twice to the left, twice to the right, to establish new windows.
- f - Fit the background so you can see if it's reasonable
- q - At this level, Quits from the background customization.
- q - quits aperture editing.
As you go along the dispersion, the location of the object's
spectrum does not remain exactly constant, so
after you've specified the aperture, the program will ask if
you want to trace the aperture to follow these
deviations. The trace should be pretty straightforward, but
there are some options if you want to use them:
- d - Delete the point nearest the cursor.
- f - Fit the trace again.
- :f - Change the type of function that's fit; options are
- leg - legendre polynomial
- spline3 - cubic spline
- :o 3 - Change the order of the fit function (to 3 in this
example). The interpetation depends on the type of function you're
If you have a very faint source, you'll want to go to a legendre 2
or even a legendre 1 to avoid following noise.
- For a legendre, it's (weirdly!) the number of coefficients you have,
so 1 is a constant, 2 is a straight line, 3 is a parabola, etc. -- the
iraf "order" is larger by 1 than the conventional meaning of
a polynomial order.
- For a spline3, it's the number of sections of cubic you're fitting.
- q - as usual, quit the interactive fitting.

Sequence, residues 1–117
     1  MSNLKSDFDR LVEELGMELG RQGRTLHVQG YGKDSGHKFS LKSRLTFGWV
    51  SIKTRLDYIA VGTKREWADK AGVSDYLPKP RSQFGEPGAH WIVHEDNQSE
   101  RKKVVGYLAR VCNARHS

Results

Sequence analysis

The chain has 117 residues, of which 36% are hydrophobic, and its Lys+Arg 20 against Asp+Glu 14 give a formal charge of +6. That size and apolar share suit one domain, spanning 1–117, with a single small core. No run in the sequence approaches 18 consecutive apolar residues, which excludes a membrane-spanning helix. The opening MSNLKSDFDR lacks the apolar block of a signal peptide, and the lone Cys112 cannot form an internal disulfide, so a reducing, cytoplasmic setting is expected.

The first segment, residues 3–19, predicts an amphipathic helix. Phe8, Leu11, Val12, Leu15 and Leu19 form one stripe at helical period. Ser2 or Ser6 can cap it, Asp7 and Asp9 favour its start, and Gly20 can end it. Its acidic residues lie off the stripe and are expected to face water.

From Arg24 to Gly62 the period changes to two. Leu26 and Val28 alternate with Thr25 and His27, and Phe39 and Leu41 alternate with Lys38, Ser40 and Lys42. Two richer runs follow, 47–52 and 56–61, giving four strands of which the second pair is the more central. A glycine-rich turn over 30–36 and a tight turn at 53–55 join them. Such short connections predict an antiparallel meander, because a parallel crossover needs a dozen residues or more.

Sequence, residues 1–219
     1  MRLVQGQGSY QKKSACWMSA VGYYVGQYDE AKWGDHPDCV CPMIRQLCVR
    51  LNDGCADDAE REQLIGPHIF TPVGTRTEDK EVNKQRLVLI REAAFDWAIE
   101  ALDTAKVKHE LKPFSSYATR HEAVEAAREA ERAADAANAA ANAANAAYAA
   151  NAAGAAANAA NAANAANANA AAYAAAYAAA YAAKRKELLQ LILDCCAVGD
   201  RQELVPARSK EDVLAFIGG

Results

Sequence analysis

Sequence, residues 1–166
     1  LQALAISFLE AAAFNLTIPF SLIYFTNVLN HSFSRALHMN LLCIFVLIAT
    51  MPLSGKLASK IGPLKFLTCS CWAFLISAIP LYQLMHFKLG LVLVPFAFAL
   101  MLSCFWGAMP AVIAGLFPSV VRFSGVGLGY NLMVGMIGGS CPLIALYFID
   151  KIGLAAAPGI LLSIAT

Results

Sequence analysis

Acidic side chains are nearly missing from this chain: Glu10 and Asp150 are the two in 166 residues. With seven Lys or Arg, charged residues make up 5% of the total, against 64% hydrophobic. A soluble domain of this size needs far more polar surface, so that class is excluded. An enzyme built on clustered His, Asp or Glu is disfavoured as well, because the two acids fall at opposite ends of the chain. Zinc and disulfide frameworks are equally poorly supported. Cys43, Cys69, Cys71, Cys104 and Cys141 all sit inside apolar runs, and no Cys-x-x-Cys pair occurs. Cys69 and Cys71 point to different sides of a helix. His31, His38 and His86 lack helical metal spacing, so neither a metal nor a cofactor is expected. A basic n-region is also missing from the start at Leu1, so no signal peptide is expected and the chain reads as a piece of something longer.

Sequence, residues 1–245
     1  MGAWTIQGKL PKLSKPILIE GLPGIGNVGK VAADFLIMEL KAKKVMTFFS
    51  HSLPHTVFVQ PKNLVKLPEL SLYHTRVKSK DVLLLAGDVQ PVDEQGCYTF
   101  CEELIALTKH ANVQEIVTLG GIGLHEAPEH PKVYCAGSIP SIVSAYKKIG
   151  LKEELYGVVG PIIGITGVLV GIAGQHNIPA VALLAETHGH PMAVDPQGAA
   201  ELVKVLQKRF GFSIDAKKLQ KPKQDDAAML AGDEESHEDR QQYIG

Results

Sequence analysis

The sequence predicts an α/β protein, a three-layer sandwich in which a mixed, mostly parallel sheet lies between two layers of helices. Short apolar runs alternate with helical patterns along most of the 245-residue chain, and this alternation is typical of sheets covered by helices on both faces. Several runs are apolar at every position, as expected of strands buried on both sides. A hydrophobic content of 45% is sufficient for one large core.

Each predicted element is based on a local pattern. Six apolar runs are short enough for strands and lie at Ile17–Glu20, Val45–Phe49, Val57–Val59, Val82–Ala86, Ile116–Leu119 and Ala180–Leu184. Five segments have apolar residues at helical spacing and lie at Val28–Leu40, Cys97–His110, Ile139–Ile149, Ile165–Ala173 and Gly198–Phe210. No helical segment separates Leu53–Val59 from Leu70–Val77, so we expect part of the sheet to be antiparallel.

General remark on spectrum extraction: As noted earlier, qccds
extracts the spectrum by driving the iraf task apall.
Apall has a huge number of parameters; qccds sets these to
reasonable defaults, basically putting ease-of-use ahead of
flexibility. Remember, this is only for quick-looks.
If you have strong emission-line sources, you may do better
in the apedit if you find what column the line occurs in, and
use that as your displine.
Wavelength Calibration: You can apply a pre-existing wavelength
calibration to your quick-look spectrum. Here's how:
- Take some lamp spectra. If you run qccds on it as best as you can,
it will at least copy it over and bias subtract it. You will want to
strip out a one-d spectrum using apall, with the background
to subtract set to "none".
- Fit the lamp spectrum using the iraf task identify. This is
a big subject and often is somewhat tricky.
- If you've fit the comp spectrum in some directory other than your
quicklook directory, you'll need to copy the following into the
- The calibration spectrum you've used, e.g. x0123.0001
- A subdirectory called database containing the calibration fit.
This will be in a file which has the same name as the calib image, but
with id prepended; in our example it would be idx0123.0001.
- The extracted spectrum will be called, e.g. dx0234.fits, where the
d stands for "dispersion corrected."
Adjusting to zero using a night-sky line: This should
work provided your spectral range has a strong night-sky line
like [OI] 5577. It uses my own emission line centroiding task
to find the center of the night sky line you specify, in the
third band of the multispec (see above). It then shifts the solution
to zero out the night sky line's velocity. The task can fail if the night-sky line
is overwhelmed by background (e.g. in twilight), or if the night-sky
line is many pixels away from where the wavelength solution says it
should be (e.g. if the grating slipped, or something).